Bromotrifluoromethane (halon 1301 or CF3Br) has been the fire-fighting agent of choice for decades to protect inaccessible spaces aboard aircraft in flight because of its inherent ability to inhibit combustion while possessing a high liquid density and stability, and low boiling point, electrical conductivity, corrosiveness, toxicity and cost. The bromine atom, which is credited with giving halon international agreement, commercial production of CF3Br has ceased in order to protect the stratospheric ozone layer. No alternative agents are available which have all the positive characteristics of halon 1301. Hence, there is an urgency to finding a replacement chemical in order to maintain aircraft safety. The affected government agencies and industries have a large stake in minimizing the impact of making a transition because of the potentially huge costs involved and military readiness implications.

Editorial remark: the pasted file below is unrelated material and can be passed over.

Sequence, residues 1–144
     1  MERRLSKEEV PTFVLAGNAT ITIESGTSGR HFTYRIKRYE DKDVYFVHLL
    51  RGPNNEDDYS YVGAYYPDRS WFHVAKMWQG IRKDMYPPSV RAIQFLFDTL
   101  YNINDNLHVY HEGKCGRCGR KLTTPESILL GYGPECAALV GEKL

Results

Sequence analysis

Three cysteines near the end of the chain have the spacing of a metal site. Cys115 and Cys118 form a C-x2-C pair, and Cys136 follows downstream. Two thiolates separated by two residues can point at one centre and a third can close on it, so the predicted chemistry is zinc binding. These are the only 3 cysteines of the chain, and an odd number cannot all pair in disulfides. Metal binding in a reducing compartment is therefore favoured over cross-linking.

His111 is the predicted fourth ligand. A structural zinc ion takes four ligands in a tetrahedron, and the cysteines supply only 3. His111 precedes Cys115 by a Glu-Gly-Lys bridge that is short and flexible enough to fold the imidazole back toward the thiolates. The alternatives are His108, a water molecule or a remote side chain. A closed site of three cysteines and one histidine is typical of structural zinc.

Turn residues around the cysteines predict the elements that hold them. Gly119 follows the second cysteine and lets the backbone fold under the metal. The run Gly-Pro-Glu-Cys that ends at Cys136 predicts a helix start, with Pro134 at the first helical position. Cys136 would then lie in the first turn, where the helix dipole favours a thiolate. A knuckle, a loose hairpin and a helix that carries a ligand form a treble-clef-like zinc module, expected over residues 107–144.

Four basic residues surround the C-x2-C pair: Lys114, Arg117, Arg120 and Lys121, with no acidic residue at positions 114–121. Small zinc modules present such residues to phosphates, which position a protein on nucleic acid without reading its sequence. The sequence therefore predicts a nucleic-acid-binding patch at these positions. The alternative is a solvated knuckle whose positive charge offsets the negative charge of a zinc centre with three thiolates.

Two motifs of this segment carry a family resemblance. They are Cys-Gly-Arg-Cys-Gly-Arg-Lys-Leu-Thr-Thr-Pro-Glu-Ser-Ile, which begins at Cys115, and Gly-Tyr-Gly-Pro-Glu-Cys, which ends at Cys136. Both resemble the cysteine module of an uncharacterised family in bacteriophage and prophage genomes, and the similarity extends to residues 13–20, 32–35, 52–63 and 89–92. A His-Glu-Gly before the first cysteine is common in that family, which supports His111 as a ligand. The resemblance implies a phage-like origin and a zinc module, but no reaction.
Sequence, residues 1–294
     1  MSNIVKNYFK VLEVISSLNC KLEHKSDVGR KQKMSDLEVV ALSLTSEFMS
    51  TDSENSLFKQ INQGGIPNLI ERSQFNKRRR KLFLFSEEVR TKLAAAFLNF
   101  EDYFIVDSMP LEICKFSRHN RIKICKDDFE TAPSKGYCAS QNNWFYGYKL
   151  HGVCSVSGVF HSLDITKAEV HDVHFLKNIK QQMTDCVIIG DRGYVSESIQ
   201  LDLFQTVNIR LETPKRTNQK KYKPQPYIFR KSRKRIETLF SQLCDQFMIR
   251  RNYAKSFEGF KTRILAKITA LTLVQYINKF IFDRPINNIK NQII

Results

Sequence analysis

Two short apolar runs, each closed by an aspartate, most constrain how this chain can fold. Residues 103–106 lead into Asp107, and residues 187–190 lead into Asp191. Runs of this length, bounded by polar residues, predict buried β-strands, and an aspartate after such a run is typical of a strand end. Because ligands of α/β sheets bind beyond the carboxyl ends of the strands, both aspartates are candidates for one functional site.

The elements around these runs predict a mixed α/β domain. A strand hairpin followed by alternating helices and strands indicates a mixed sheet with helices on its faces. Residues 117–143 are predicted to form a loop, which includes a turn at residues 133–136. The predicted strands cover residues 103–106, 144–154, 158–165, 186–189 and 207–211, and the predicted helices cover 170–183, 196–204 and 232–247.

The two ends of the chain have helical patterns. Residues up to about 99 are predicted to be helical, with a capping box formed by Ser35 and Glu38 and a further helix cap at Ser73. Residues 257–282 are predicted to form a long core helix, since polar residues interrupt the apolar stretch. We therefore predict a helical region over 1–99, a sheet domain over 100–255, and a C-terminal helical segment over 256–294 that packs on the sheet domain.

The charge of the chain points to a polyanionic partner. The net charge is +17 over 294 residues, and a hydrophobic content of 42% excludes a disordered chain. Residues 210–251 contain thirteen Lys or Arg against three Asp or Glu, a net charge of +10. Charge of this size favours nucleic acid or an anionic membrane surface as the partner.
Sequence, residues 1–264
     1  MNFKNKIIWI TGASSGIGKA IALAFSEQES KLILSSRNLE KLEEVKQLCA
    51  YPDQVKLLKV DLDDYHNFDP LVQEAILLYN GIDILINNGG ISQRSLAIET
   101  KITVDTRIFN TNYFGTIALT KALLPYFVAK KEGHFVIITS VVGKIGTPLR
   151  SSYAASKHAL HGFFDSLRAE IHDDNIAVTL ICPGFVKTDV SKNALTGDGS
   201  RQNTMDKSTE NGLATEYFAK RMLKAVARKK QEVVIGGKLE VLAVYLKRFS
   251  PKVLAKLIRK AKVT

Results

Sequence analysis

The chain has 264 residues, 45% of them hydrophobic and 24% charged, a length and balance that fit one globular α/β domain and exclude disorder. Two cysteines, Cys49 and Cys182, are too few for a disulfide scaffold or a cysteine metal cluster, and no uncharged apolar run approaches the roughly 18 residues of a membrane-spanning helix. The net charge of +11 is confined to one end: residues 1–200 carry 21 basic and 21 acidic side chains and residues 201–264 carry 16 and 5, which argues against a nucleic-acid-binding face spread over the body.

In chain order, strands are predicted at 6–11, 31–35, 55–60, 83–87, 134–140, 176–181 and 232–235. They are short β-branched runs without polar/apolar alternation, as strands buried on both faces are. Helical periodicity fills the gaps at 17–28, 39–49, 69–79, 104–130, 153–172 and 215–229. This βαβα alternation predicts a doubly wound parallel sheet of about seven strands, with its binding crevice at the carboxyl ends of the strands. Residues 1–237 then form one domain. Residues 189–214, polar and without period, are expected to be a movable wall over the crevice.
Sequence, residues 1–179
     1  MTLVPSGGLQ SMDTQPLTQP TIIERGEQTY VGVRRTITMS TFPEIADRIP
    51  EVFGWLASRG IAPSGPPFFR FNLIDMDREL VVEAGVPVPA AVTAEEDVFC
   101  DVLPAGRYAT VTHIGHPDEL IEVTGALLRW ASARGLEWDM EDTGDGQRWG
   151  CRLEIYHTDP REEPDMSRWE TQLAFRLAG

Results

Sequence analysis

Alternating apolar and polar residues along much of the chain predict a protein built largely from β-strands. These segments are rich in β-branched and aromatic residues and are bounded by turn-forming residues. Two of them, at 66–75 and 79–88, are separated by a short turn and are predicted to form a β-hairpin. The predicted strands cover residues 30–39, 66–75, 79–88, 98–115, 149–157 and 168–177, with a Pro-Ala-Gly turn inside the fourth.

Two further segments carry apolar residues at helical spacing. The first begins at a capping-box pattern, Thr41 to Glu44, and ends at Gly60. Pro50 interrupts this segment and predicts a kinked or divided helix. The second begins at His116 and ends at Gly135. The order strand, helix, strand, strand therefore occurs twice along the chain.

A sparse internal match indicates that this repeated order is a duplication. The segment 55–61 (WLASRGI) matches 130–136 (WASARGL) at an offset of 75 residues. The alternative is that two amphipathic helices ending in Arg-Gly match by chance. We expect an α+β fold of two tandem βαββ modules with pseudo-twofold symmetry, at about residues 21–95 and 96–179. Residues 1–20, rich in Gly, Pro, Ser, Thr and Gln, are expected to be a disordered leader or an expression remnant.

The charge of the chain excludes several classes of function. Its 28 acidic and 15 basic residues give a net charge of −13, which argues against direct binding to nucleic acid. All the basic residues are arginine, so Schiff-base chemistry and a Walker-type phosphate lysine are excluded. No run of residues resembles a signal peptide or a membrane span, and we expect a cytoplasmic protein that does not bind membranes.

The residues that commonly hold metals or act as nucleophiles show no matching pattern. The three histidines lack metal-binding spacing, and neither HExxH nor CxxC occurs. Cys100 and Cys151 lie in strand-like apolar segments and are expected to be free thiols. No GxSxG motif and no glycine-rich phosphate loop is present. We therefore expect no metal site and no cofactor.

Citation: Special Publication (NIST SP) - 861Report Number:
NIST Pub Series: Special Publication (NIST SP)
Pub Type: NIST Pubs
halons, aircraft engines, nacelle fires, evaluation, large scale fire tests, simulation, in-flight fires, halon 1301, commercial aircraft, military aircraft, fire extinguishing agents, boiling point